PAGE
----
She bought the house of her dreams; a ‘sovereign citizen’ changed the locks
Letters of official appearance began to arrive shortly after Shanetta Little purchased the pretty Tudor home on Ivy Street in Newark, New Jersey. Bearing a gold seal, in haloed legalistic language, the documents asserted that an obscure 18th-century treaty gave the shipper the right to claim his new home as his own.
She dismissed the letters as a hoax.
And so it was with surprise that Little found herself in her yard on Ivy Street one June afternoon as a SWAT police team negotiated with a man who had broken in, changed his locks and hung up a red and green flag at his window. He claimed he was a sovereign citizen of a country that does not exist and for which the laws of the United States do not apply.
Little was the victim of a ploy known as paper terrorism, a favorite tactic of an extremist group that is one of the most dynamic, according to government experts and watchdogs. Known as the Moorish Sovereign Citizen Movement, and loosely based on a theory that blacks are foreign citizens bound only by obscure legal systems, it encourages followers to violate existing laws in the name of empowerment. Experts say he draws marginalized people into his ranks with the false promise that they are above the law.
The man who entered his house, Hubert John of Los Angeles, was arrested on June 17 and charged with criminal mischief, burglary, criminal trespass and terrorist threats. New Jersey prosecutors are preparing to take the case to a grand jury, according to Katherine Carter, spokesperson for the Essex County District Attorney’s Office. He was released on his own accord.
But the strange letters declaring that Little’s house is not his always arrive. They arrive on fake consular letterhead as Lenapehoking from the Al Moroccan Empire to the Republic of the State of New Jersey. Lenapehoking was the land between New York and Philadelphia which includes New Jersey and was home to the indigenous Lenape tribe before it was settled by European settlers. John and his group refer to themselves as Moors.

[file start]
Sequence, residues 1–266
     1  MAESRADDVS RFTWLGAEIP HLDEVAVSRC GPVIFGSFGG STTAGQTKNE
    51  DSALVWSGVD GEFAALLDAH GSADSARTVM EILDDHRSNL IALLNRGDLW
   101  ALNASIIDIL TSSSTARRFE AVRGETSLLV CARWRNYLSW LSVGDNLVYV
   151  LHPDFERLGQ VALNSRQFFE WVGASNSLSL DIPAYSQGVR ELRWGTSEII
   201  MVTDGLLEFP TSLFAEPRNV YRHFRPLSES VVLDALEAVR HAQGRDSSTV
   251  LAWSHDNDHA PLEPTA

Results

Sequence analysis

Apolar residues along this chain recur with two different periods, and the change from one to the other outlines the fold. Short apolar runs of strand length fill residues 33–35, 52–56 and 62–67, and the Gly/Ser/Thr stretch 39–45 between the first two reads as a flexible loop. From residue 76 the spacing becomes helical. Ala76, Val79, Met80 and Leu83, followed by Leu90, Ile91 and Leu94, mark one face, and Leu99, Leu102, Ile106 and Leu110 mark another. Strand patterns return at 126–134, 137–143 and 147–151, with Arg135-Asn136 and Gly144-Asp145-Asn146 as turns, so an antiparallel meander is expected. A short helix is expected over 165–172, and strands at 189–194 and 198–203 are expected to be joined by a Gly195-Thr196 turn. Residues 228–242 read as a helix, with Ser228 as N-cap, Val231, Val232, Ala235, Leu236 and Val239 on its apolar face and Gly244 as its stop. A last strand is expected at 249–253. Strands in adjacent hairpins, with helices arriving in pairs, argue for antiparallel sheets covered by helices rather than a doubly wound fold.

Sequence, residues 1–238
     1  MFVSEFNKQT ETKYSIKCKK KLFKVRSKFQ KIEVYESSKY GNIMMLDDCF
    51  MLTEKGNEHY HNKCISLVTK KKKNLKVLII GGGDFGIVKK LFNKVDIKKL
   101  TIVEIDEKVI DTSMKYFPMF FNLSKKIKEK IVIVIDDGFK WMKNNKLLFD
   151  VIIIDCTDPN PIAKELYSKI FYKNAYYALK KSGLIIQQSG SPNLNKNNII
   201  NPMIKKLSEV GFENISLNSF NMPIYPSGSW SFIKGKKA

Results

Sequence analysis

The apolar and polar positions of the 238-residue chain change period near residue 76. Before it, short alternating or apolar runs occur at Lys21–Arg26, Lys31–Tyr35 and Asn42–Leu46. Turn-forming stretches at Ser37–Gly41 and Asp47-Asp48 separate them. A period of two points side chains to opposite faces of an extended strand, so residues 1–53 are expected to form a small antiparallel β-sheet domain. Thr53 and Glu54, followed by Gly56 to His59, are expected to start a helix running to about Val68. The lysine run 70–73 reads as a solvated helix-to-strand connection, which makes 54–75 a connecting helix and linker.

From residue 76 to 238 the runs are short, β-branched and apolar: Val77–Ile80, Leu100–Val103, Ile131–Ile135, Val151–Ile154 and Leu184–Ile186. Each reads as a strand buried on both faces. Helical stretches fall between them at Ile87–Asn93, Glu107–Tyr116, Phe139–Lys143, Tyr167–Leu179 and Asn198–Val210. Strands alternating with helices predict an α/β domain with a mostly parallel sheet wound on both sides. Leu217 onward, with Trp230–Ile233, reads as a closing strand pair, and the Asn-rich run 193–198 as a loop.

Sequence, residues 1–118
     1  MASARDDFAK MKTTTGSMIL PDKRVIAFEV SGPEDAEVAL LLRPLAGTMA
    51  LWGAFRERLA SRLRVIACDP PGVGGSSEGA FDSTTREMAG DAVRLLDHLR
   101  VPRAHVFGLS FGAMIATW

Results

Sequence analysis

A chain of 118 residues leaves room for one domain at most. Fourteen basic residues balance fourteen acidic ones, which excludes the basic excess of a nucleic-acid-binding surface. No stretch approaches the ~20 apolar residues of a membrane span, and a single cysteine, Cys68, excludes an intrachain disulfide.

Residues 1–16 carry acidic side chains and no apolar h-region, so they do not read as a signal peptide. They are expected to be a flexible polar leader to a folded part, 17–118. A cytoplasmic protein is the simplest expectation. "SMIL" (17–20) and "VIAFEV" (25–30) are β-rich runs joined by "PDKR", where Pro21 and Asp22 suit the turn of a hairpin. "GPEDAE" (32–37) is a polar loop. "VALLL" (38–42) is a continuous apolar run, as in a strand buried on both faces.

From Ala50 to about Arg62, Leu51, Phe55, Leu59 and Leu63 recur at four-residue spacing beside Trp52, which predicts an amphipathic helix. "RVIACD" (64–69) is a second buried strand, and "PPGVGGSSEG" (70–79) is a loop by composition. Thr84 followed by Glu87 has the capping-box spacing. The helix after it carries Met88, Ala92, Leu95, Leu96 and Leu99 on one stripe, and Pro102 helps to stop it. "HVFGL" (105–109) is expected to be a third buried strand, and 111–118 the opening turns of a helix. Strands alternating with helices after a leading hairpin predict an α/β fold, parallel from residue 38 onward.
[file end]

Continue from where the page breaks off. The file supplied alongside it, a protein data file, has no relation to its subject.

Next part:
âThe Moors claim to be about black liberation and opportunity, and black upliftment,â Little said in an interview. “But he literally oppresses me and takes what is mine as a black woman.”
Last summer, the Moorish movement exploded in the public eye, after Little posted viral accounts on TikTok of his ordeal and when police arrested members of an activist branch of the group on a Massachusetts highway. This sub-group, known as the Rise of the Moors, engaged in an impasse with the police for more than nine hours, claiming that because they were sovereign citizens, law enforcement officials did not had no power to stop them. No one was hurt; 11 people were arrested and charged with illegal possession of firearms and ammunition, among other offenses.
Increasingly, sovereign citizens across the country have clashed with authorities, tied up resources and exhausted lives by insisting that laws such as duty to pay taxes, obey speed limits and even to obtain, for example, a license for a companion dog does not apply. for them.
People who claim to be sovereign Moorish citizens believe they are bound primarily by maritime law, not the law of the places where they live, said Mellie Ligon, lawyer and author of a study of their impact on the system. judicial review in Emory International Law. Review.
Initially espoused by white supremacist groups, the ideology of the sovereign citizen first appeared in America in the 1970s, according to the Southern Poverty Law Center. The Moorish permutation appears to have gained popularity in the 1990s, inspired in part by the black identity ideology of a religious group of the same name, the Moorish Science Temple of America, which disavows the sovereign citizen movement.
Membership in the Moorish Sovereign Citizens’ movement has been carried through the internet to hundreds of thousands, the legal center said. On its website, Rise of the Moors, for example, cited reparations – part of national conversations about race and fairness – as a determining factor in its belief that its members can claim things as theirs.
Rise of the Moors, along with members arrested in Massachusetts in July, did not respond to requests for comment.
Like many Moorish followers, John adopted an Arabic-influenced name, Jaleel Hu-El. He did not respond to multiple requests for comment. Via an email, a staff member at the Al Morocco Consulate, where John is listed on the website as the Consul General of the United States and China, initially scheduled an interview, but then canceled.